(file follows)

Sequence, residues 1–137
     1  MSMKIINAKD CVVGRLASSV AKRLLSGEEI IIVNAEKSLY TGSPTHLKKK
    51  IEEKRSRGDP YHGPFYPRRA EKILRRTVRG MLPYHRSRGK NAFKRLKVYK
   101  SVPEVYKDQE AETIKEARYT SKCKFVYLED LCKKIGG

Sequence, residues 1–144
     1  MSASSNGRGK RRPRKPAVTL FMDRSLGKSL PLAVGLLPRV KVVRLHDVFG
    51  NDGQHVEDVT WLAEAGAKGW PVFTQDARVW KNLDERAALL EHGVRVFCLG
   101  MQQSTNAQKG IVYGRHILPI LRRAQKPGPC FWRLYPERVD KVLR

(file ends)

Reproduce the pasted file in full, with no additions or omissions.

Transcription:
Sequence, residues 1–137
     1  MSMKIINAKD CVVGRLASSV AKRLLSGEEI IIVNAEKSLY TGSPTHLKKK
    51  IEEKRSRGDP YHGPFYPRRA EKILRRTVRG MLPYHRSRGK NAFKRLKVYK
   101  SVPEVYKDQE AETIKEARYT SKCKFVYLED LCKKIGG

Sequence, residues 1–144
     1  MSASSNGRGK RRPRKPAVTL FMDRSLGKSL PLAVGLLPRV KVVRLHDVFG
    51  NDGQHVEDVT WLAEAGAKGW PVFTQDARVW KNLDERAALL EHGVRVFCLG
   101  MQQSTNAQKG IVYGRHILPI LRRAQKPGPC FWRLYPERVD KVLR